program received an enthusiastic
ovation and rising vote of thanks
for his work during the year, pre
sented the speaker, Lester Rose,
Mr. Rose kept the crowd in na
uproar of laughter with humorous
stories and chose as a subject
"What Are You Going To Do
About It?" He said a good cham
ber of commerce is the world's
best investment. He said a cham
ber must have adequate finances,
leadership, efficient management,
an adequate and attractive office.
Here he advocated a City Plan
ning committee to be added to
the organization to guide a grow
The latter part of his address
dealt with national affajrs, par
ticularly the Hoover Commission
report, which he said made 288
recommendations of government
re-organization which would save
three to four billion dollars an
nually. He urged chamber mem
bers to keep informed on nation
al affairs and to let their influ
ence be heard by representatives
and senators in congress.
The banquet hall was attrac
tively decorated with flowers
given by Henderson's Flower
FORREST JONES VICE PRESIDENT
. SOUTHEASTERN POULTRY GROUP
Forrest Jones, President of the
Wilkes Mountain Poultry Prod
ucts company, last week was
elected State Vice President of
the Southeastern Poultry and
Egg Association, at the annual
meeting in Atlanta, Ga. This or
ganization, with a membership of
over 10,000 poultrymen, covers
the 11 southeastern states. Mem
bership includes growers, pro
cessers, hatcheries equipment
manufacturers, and others who
have an interest in this expand
ing poultry industry.
Jones was also selected by the
processors of the group to serve
as chairman of the Southeastern
Processsers Committee for the
coming year. "Although there
was a great deal of industry jit
ter due to confusion and fear,"
Jones said today, "The general
feeling was that the 1950 busi
ness outlook is good."
List Your Property
At County Courthouse
All citizens of the county who
have not listed their property for
taxation for the year 1950 are
urged to do so at once at the
county accountant's office in
Wilkesboro, J. C. Grayson, tax
supervisor stated oday.
The various listtakers have re
turned their books to the tax
supervisor's office and if you fail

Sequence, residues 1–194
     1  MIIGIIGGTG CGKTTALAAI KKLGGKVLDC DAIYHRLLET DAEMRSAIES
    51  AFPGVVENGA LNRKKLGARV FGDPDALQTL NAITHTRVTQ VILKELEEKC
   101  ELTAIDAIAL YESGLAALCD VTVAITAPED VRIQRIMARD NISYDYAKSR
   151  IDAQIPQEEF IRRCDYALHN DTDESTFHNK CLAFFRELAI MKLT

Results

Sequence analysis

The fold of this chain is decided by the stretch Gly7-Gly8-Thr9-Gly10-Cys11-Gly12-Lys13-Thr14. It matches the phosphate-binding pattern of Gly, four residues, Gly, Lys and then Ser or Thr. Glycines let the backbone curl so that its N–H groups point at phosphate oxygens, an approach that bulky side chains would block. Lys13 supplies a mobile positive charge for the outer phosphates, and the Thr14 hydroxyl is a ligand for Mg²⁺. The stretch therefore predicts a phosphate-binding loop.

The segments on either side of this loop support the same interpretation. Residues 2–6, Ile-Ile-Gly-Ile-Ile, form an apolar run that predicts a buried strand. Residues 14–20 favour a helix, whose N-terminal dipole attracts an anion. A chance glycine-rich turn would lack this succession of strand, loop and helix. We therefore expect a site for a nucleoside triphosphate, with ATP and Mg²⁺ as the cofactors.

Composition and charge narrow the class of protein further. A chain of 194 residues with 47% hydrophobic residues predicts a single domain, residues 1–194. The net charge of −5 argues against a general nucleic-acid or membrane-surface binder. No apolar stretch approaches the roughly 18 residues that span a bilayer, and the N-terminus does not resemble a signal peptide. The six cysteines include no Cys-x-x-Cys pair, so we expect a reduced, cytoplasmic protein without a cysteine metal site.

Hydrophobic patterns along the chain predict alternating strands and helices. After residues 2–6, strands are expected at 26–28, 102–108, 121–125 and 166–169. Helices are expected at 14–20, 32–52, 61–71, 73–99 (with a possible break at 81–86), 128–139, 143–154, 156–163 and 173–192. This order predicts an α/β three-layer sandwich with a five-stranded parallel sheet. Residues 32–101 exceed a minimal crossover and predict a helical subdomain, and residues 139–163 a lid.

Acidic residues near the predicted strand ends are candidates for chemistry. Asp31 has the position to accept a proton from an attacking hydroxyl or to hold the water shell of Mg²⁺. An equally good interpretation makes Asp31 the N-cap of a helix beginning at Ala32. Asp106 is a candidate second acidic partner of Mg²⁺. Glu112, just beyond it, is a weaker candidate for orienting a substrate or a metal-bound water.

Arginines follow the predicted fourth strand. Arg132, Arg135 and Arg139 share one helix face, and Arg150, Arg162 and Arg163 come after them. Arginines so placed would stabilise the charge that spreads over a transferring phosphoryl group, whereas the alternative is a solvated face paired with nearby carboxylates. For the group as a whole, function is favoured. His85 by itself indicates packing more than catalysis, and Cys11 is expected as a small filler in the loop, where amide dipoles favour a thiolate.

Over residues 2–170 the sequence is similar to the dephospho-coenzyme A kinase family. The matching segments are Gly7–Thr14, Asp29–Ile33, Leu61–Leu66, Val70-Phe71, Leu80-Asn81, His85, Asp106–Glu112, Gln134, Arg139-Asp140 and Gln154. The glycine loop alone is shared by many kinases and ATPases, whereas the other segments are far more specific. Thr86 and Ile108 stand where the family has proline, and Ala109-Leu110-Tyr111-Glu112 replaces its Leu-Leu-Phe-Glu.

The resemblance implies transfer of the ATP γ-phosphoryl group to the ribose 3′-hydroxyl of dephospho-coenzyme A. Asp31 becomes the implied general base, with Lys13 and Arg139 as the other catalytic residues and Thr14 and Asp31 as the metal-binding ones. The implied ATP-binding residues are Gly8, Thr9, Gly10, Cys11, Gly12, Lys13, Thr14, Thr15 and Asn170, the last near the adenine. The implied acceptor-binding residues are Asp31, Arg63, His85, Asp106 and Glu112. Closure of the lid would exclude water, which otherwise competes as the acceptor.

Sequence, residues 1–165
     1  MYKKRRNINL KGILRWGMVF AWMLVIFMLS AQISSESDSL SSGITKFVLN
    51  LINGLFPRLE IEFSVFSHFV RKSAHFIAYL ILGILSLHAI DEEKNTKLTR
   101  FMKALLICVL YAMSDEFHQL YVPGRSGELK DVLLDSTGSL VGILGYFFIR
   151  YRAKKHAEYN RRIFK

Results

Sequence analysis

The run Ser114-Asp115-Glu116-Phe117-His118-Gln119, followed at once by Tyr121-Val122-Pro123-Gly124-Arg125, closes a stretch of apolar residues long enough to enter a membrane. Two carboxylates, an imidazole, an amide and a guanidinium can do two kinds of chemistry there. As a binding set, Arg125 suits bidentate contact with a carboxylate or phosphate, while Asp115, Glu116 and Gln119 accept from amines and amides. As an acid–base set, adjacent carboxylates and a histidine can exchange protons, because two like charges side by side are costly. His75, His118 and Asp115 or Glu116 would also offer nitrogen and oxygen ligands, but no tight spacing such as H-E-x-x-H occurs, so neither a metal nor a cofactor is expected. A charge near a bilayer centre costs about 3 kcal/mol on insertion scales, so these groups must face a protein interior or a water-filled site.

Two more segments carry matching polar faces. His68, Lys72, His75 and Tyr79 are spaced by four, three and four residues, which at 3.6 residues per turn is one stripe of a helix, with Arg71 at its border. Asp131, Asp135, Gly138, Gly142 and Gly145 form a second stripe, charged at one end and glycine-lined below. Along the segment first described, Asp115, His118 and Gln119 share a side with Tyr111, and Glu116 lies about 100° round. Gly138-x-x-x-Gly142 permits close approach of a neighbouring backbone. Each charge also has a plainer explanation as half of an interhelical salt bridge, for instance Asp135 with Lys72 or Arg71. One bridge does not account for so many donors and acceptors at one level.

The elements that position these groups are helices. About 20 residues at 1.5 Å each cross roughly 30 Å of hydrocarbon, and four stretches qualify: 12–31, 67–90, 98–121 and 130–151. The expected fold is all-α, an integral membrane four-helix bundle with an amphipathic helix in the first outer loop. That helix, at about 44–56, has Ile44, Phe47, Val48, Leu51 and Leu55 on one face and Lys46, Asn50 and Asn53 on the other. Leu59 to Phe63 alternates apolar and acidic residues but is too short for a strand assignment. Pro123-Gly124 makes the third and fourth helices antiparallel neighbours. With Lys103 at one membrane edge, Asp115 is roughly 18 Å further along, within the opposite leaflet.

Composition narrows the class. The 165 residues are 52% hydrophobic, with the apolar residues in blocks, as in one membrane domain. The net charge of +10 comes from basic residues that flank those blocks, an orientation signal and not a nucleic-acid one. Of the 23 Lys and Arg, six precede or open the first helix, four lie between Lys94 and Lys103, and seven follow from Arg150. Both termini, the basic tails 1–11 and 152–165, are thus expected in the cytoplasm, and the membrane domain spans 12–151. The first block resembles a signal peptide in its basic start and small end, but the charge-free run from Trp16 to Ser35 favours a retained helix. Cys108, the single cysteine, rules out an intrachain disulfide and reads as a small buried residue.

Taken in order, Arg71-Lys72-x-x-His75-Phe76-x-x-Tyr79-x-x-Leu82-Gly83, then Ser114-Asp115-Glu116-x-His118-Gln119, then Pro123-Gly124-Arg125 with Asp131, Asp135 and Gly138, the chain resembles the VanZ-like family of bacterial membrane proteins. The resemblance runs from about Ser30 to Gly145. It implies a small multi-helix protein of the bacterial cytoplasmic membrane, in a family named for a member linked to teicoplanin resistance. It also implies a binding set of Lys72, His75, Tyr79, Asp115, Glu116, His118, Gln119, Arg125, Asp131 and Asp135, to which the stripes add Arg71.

ed to list your property while the
listtaker had the books in your
township, you may list your prop
erty through February 15 at the
Tax Supervisor Grayson urges
every property owner to list his
property on or before February
15 and avoid the penalty that at
taches under the law for failure
to do so.
Father Of Mrs.
Harmon Is Dead
Mr. H. D. Woodruff, 81, for
many years a valued employe of
the Chatham Manufacturing Co.,
and one of Elkin's best known
and most highly esteemed - citi
zens, died in the Hugh Chatham
Memorial hospital at Elkin this
morning about 10 o'clock. Mr.
Woodruff had undergone an
operation Monday night a week
ago, and his condition had re
mained critical since that time.
Mr. Woodruff was the father
of Mrs. W. R. Harmon, of this
city, and had visited here a num
ber of times.
Funeral service will be held at
Elkin Valley Baptist church, of
which Mr. Woodruff had been a
member for a number of years,
at 2 p. m. Saturday. Burial will
be In the church cemetery near
Four Injured In
On Highway 268
Two were critically hurt and
two others were less seriously
injured when an automobile and
truck collided here Monday after
R. D. Gentry, 65, of E-lkin
route one, was driver of a car
traveling east on highway 268
when it collided with a truck
driven by Clarence Shew, of
Boonville, at the intersection near
Carolina Mirror Corporation.
Mr. Gentry sustained concus
sion and other injuries. He and
his wife were both thrown from
the car. Mrs. Gentry had internal
Injuries and a broken leg and re
mains in serious condition at the
Wilkes hospital. A daughter of
the Gentrys was less seriously
hurt and a grandchild had a
broken leg. Mr. Shew was not
Local Teams Face . -
_ Tough Cage Teams
Basketball teams of the Wilkes
boros have some hard games
coming up during the latter part
of this week.
North Wilkesboro teams go to
Children's Home in Winston
Salem Friday night and to Kan
napolis Saturday night. Both
dates are in the South Piedmont
Wilkesboro will go to Moun
tain View Friday night for three
games, the boys' B game starting
at 6:30, followed by girls and
boys varsity engagements. At
Wilkesboro Tuesday night Rouda
will play three games, with girls'
B teams starting at 6:30.
At Millers Creek ,
Sparta will play Millers Creek
at Millers Creek Friday night.
The girls' game will start at
Approximately 150 citizens of
the Wilkesboros and from many
parts of rural Wilkes county, ap
peared at a telephone hearing to
day before representatives of the
North Carolina Utilities Commis
sion at the North Wilkesboro
town hall asking improvements
and extension of the telephone
system in the Wilkesboros and in
Edward H. McMahan, commis
sioner, conducted the hearing..
Other representatives of the com
mission were Vernon W. Chase,
telephone engineer, and Miss
Bonner Whitley, reporter, who
took all evidence for considera
tion by the entire cmomission. i
Commissioner McMahan open
ed the hearing by stating its
purpose and call. He explained!
that the hearing was originally
requested by the Wilkes chamber I
of commerce, representing many
citizens who had complaints re
garding the service or lack of